Role-Playing Games (RPGs) lay at the foundation of the plot of the fantasy series entitled ‘The Acts of Caine’ by Matthew Woodring Stover. The main story evolves in two different yet connected worlds. One of them, the Overworld, has attributes of fantasy whereas the other one, the Earth, bears closeness to science fiction. Earthlings consider their world real and see the Overworld as science fiction. In the Overworld, human Actors, transferred flesh and blood from real reality to virtual reality by means of newly invented technologies, assume avatar bodies and play roles in adventures according to agreed scripts. Those advanced technologies also allow the audience on Earth to connect directly to Actors’ emotions and to identify themselves with the Actors. However, it turns out that the divide between the virtual and the real world is illusory. In fact, both worlds are equally real. In consequence, the adventures cease to be solely fictitious, entertaining events and become true stories about the interference of the unknown and a mighty power ‘from the outside’. Humans are not aware of the existence of this power or of the fact that they are nothing but puppets in its hands. The series exemplifies the influence of the past on the future and makes readers realize that whatever we do changes the world in ways we cannot always predict. In that way we be-come somebody’s gods without taking any responsibility for that creature. Thus, our seemingly harmless, self-oriented actions inevitably and irreversibly change ourselves and our surroundings.
|STORIES AND WORLDS|
|Bartłomiej Fabiszewski||Expansion of the represented world in the popular culture of fantasy and games
This paper focuses on the problem of fantasy universes which are among the key phenomena in the popular culture of the 20th century. Those creations, such as, e.g. the cosmic mythology by H.P. Lovecraft or the Star Wars Expanded Universe, encompass many texts drawing on the shared reservoir of characters, places and themes. The universes are organised around stories which represent the driving force for the expansion and exploration of new fictitious times and spaces. The expansion of universes and their focus on immersion encourage audiences to take a new look at the role of the plot and the represented world in popular culture. In this context, it is interesting to consider fiction games, which allow players to compile new stories within fictitious words. As such, they may serve as dynamic models to describe uni-verses, propelled by their unlimited productivity.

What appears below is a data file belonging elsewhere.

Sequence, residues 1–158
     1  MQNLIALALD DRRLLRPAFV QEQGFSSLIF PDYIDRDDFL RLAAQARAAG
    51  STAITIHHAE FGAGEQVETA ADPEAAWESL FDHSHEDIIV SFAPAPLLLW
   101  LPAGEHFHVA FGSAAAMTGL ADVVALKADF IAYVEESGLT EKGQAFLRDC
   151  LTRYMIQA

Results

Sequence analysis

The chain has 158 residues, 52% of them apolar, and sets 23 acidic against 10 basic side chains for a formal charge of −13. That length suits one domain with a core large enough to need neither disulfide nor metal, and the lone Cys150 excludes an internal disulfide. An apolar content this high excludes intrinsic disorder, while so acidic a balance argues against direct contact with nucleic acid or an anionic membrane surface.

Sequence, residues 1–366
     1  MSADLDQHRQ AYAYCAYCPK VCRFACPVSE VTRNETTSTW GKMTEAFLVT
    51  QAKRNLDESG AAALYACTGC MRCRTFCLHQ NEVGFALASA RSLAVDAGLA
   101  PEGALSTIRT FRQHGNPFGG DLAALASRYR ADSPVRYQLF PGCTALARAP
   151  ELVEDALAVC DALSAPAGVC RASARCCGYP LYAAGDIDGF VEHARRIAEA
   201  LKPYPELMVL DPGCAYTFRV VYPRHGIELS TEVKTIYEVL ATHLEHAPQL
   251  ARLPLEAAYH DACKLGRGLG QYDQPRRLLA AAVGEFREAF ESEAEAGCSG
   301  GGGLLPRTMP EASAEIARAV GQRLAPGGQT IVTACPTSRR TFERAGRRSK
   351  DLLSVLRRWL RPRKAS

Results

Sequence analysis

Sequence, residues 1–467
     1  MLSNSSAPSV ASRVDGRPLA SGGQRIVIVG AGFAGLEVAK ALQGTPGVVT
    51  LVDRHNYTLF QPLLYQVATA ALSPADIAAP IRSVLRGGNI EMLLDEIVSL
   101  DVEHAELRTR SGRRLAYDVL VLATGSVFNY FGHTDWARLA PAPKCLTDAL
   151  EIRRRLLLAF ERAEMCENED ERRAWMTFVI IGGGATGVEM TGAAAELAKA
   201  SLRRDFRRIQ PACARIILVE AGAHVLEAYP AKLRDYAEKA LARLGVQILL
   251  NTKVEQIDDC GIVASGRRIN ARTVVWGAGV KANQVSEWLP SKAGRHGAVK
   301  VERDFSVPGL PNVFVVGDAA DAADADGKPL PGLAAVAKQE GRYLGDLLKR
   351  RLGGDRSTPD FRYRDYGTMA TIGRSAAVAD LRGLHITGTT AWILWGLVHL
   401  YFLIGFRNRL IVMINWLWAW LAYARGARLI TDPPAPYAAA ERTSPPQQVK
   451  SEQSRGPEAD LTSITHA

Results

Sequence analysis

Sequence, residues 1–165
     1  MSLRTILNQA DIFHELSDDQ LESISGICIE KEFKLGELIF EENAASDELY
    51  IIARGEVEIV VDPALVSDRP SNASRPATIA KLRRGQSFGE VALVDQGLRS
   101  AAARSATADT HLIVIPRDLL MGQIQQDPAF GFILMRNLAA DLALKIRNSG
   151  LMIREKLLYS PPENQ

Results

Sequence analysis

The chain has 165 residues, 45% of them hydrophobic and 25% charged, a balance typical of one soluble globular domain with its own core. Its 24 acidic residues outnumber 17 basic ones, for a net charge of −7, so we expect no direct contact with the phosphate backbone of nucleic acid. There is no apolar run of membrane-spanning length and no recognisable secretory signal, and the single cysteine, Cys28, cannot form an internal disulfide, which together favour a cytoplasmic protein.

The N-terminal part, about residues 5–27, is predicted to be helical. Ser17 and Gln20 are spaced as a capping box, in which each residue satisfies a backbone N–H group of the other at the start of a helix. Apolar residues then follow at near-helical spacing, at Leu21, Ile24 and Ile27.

|Katarzyna Kaczor||A fragment and a whole: the world described/created in fantasy literature on the example of Tomasz Kołodziejczak’s Czarny horyzont
This text presents the mechanisms applied by Tomasz Kołodziejczak to create the represented world while invoking Andrzej Zgorzelski’s concept of a short story cycle, Henry Jenkins’s convergence culture and market mecha-nisms. The paper analyses Kołodziejczak’s short stories and a novel pub-lished in 2006–2010.
|Joanna Frużyńska||Lost and Lostpedia. Encyclopaedic renarrations